The Food Journal and Food, Nutrition & Science

An alliance between The Lempert Report and The Center for Food Integrity

In the Kitchen with Chef Andy Husbands

In the Kitchen with Chef Andy Husbands

In the Kitchen

March 25, 2012

Chef Andy Husbands is the award-winning chef and owner of Tremont 647, a Boston-based restaurant serving adventurous American cuisine with global influences. A James Beard "Best Chef" semi-finalist, Andy competed in the sixth season of Fox Television Network's "Hells Kitchen" with Gordon Ramsay. When he's not in the kitchen at Tremont, Andy is on the BBQ trail with his award-winning team, iQUE. His new cookbook, Wicked Good Barbeque, reveals Andy’s competition techniques, recipes and grilling secrets.

What is the main focus of your cooking?

Our approach is letting the natural ingredients shine while developing layers of flavors that enhance and compliment the elements.

Is there a particular nutritional focus of your menus?

At Tremont 647 we use very little cream and butter. This is how I personally like to eat, and we feel our customers do to.

What is your relationship with local farmers?

We heart local farmers. I try to use them as much as possible. With the spring and summer seasons coming, I am very excited to see what comes our way. Metro Ped is fun since they deliver via bike. Red Fire Farms also.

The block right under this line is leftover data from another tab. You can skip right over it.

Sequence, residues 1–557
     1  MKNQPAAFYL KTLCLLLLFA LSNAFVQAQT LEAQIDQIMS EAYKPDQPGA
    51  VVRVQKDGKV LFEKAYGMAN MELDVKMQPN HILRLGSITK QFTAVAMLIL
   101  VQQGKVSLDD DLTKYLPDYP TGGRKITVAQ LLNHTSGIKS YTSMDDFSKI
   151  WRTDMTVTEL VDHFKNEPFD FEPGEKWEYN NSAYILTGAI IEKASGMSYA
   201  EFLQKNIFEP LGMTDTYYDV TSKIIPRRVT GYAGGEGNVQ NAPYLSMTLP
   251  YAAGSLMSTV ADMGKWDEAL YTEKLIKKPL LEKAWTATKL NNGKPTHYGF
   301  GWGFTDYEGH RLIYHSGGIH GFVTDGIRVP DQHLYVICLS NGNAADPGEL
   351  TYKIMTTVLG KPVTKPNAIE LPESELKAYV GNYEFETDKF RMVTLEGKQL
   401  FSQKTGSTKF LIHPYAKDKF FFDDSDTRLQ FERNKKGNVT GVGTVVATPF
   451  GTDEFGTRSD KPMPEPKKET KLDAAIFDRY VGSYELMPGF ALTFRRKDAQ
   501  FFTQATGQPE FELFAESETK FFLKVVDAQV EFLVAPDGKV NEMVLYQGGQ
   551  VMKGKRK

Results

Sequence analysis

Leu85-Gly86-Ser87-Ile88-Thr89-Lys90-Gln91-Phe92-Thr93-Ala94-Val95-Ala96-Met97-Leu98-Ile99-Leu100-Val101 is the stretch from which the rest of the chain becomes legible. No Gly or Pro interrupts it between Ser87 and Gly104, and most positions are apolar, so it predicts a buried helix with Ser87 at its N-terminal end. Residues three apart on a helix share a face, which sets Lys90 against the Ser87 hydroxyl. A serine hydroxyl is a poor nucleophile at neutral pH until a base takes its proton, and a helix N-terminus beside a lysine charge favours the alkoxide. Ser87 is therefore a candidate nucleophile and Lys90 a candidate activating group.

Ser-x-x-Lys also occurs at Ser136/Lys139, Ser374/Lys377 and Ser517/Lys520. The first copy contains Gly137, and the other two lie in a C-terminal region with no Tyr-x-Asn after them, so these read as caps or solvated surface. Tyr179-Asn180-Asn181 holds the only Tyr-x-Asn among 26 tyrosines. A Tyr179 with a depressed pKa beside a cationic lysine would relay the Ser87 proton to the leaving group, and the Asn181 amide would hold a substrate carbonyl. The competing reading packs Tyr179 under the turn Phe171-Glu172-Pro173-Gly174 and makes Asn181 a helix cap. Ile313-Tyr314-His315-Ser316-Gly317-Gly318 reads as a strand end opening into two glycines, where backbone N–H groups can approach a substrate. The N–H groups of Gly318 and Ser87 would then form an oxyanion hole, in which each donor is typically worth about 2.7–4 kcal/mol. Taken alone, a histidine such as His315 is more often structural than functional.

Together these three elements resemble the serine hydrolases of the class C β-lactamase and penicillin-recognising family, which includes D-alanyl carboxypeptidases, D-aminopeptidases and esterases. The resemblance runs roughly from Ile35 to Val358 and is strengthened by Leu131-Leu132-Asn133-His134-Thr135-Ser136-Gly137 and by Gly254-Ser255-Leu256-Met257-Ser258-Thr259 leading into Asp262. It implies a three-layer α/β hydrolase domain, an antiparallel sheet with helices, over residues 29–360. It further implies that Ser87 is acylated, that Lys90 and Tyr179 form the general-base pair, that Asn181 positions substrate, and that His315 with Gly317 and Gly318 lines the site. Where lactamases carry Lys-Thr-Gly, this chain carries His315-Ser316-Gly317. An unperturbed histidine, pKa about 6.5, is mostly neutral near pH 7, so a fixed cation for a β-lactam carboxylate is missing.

Are you incorporating locally grown foods into your dishes? How?

I try to leave a lot of flexibility in our menus, so I can change the menu with what is available and comes in.

What are the major concerns today of your readers when it comes to healthy cooking at home? And how are you addressing them?

Regarding Wicked Good BBQ, this is a BBQ book with a focus on live fire cooking. We believe you can eat anything, in moderation, and the meals in this book take time to get a quality product.

How important is sustainability?

Extremely. We define sustainability as being good for the community and resources. We are constantly trying to get better and better at this.

What steps do you take toward conservation in your meal planning?

Using local, using less, and making the right amount.